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(1999). The contemporary characterization of emergence requires that emergent properties
have three features: they are supposed to be novel, to be unpredictable, and to display
downward causation.
While the philosophical community has, historically, viewed the existence of this kind
of emergent property as unlikely, contemporary science has re-embraced the notion of
emergence in ways that are really quite striking. You can track this on Google n-grams and
also by a quick Google search. It is my contention that the contemporary scientific
understanding of “emergence” is as a legitimate explanatory category that shares many, but
not all, of the features of the traditional account.
How are scientists describing emergence? Emergence is sometimes characterized as
the “arising of novel and coherent structures, patterns and properties during the process of
self-organization of complex systems.” Goldstein (1999). Thus, self-organization is one of
the mechanisms or modes in which higher orders or properties can be generated. As Karsenti
(2008) said, “Dynamic organization emerges from the collective behavior of agents, the
individual properties of which cannot account for the properties of the final dynamic pattern.”
There is thus a great deal of interest in these higher-level properties. For example,
how do the division of labor and the partitioning of individuals in a social insect colony
work? Why are there so many individuals who are attending their brood and so many who are
foraging? Among the foragers, why are there individuals foraging for nectar and others
foraging for pollen? How do these various features of the structure emerge, how are they
stabilized, and how do we explain them?
The patterns that count as emergent are often those of biological aggregations, such as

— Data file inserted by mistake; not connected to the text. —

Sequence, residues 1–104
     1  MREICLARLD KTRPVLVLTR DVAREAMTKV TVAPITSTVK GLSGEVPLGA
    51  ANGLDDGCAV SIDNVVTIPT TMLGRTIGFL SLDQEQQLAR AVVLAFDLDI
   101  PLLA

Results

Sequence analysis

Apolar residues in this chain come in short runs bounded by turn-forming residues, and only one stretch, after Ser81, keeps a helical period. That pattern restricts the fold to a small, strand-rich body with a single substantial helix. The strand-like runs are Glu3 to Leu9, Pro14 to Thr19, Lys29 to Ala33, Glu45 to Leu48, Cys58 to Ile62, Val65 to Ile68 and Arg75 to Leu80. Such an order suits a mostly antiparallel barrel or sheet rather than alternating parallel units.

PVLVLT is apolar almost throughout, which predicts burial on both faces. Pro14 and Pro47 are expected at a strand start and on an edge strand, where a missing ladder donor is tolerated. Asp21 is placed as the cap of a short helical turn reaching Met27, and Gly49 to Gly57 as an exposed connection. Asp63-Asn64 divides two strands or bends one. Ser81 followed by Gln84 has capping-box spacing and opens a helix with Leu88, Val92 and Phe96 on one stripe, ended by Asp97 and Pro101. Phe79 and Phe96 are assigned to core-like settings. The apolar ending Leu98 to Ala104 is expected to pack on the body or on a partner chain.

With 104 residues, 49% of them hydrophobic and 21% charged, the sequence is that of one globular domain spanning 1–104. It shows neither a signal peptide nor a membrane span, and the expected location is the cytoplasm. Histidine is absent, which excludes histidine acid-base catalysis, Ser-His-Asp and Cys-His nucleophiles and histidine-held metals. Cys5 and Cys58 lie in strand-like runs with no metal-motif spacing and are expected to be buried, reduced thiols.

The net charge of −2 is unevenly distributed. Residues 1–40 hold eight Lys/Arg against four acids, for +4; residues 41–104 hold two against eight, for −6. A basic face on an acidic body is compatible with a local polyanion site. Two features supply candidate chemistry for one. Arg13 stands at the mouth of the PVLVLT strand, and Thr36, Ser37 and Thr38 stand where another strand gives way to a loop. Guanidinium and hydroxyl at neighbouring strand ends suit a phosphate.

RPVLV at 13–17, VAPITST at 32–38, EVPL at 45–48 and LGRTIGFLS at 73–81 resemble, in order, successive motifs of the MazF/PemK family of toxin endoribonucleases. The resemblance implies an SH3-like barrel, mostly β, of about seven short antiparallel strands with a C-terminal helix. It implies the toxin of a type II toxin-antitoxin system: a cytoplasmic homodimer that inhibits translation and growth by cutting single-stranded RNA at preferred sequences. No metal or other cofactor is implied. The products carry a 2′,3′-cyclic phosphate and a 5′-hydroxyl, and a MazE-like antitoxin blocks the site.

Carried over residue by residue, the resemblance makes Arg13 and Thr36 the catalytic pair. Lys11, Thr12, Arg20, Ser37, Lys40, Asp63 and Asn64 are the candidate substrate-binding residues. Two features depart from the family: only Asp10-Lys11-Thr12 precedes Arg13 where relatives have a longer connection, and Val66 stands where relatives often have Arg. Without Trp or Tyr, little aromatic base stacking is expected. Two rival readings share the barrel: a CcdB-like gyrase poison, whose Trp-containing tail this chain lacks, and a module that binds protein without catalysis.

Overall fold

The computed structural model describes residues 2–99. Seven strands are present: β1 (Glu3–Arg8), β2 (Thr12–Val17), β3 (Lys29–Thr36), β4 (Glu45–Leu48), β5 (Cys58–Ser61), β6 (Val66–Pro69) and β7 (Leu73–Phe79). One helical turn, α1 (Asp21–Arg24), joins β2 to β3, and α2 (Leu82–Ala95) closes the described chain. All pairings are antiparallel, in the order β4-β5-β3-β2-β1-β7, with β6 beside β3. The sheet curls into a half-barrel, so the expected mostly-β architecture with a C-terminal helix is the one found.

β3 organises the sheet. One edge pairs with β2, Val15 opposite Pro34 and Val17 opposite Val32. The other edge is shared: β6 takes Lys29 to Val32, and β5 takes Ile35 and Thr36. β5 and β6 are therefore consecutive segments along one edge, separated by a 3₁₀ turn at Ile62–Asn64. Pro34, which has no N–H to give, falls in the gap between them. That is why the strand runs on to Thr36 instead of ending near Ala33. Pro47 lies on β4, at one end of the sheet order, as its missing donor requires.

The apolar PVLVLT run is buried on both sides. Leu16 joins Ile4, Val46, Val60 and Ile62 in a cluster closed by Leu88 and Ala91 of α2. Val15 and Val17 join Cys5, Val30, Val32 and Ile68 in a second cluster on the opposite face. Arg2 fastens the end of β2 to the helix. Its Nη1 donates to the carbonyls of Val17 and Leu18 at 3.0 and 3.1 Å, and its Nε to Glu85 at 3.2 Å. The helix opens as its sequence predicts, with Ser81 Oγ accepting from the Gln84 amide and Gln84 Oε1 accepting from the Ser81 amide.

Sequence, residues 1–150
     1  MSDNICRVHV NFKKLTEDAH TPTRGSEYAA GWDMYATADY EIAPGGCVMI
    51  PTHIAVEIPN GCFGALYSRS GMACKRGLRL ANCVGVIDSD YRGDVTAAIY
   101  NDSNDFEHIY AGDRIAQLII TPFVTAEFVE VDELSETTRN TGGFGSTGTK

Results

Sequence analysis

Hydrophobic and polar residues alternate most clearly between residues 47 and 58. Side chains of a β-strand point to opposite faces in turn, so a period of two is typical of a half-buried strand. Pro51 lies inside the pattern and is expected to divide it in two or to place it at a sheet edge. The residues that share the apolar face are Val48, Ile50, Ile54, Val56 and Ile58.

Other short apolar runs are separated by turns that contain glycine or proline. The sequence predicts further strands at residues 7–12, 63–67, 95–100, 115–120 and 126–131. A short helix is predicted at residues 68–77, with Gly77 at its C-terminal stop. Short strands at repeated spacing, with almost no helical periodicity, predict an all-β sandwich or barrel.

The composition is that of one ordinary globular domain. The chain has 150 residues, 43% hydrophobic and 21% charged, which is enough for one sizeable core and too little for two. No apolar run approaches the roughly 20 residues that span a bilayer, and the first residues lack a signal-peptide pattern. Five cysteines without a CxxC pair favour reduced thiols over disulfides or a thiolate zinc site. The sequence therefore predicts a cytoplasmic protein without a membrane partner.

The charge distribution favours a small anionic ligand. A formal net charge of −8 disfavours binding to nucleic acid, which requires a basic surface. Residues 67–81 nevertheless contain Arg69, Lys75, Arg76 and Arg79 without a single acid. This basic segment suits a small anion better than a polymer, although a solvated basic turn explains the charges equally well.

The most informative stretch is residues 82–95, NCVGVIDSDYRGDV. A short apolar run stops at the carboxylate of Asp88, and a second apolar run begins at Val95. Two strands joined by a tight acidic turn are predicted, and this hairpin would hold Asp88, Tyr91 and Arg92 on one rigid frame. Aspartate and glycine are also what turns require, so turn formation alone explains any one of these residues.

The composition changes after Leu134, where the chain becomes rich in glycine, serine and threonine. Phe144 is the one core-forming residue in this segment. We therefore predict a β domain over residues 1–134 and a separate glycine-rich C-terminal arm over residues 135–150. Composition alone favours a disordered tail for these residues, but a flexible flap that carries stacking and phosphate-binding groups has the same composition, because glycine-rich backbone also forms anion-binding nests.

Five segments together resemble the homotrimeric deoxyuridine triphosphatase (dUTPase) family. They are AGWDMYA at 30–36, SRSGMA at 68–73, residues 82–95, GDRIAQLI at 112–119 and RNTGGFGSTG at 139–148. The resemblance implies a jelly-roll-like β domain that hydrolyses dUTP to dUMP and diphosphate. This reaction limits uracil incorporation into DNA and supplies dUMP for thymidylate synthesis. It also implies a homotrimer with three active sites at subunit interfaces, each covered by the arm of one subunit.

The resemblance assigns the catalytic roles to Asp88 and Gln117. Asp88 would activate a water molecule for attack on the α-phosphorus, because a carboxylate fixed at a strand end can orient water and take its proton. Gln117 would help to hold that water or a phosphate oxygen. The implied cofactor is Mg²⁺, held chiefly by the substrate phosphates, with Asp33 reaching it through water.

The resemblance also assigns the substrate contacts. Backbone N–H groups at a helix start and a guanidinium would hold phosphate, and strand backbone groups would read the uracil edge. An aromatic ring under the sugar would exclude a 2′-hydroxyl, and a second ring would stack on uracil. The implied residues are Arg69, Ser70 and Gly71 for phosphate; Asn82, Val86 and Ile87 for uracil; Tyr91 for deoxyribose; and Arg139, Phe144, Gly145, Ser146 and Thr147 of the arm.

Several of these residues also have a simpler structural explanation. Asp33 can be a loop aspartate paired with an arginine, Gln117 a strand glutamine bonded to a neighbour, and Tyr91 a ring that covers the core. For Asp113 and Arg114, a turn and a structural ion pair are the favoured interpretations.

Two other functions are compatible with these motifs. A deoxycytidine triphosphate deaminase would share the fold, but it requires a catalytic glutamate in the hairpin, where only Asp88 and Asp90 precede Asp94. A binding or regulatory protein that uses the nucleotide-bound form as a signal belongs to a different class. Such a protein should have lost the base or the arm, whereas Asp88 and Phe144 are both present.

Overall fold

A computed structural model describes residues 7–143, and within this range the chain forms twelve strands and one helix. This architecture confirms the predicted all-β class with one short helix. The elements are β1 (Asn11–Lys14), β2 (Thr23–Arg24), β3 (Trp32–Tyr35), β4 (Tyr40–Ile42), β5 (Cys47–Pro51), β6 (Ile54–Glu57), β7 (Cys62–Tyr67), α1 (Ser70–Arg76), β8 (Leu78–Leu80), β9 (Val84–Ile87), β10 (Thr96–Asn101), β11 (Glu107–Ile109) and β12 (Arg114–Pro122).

schooling fish and flocking birds. They display features that are best characterized by chaotic
dynamics. So these higher-level structural properties invite us to re-examine what we think of
as a legitimate mode of explanation. These higher-level emergent properties have impelled us
to give a different characterization of how explanation works in certain cases. Two examples
will illustrate the changes in the mode of explanation that are required.
E. Coli and emergence
There are many examples in the literature that provide a flavor of what is generating this new
interest in explanatory character. One is chemotaxis and
E. coli
E. coli
is a bacterium that
tracks nutrients in the medium in which it swims. It has a tumbling behavior and a non-
tumbling behavior, and adapts to the chemical gradients of its environment through
chemotaxis. The change of a chemical stimulant induces a rapid change in its tumbling
frequency, which is one of these plastic responses that complex systems are able to produce.
What is interesting about this behavior is that it is possible to change almost all of the
internal components of the bacterium and still get the behavior – there is little change in the
metabolic function of chemotaxis, even if you change many of the genes that code for the
components that make up the bacterium – so it is not a dedicated behavior that could be
explained by the presence or absence of a control mechanism. The presence or absence of a
component does not generate this higher level of behavior; rather, the behavior is a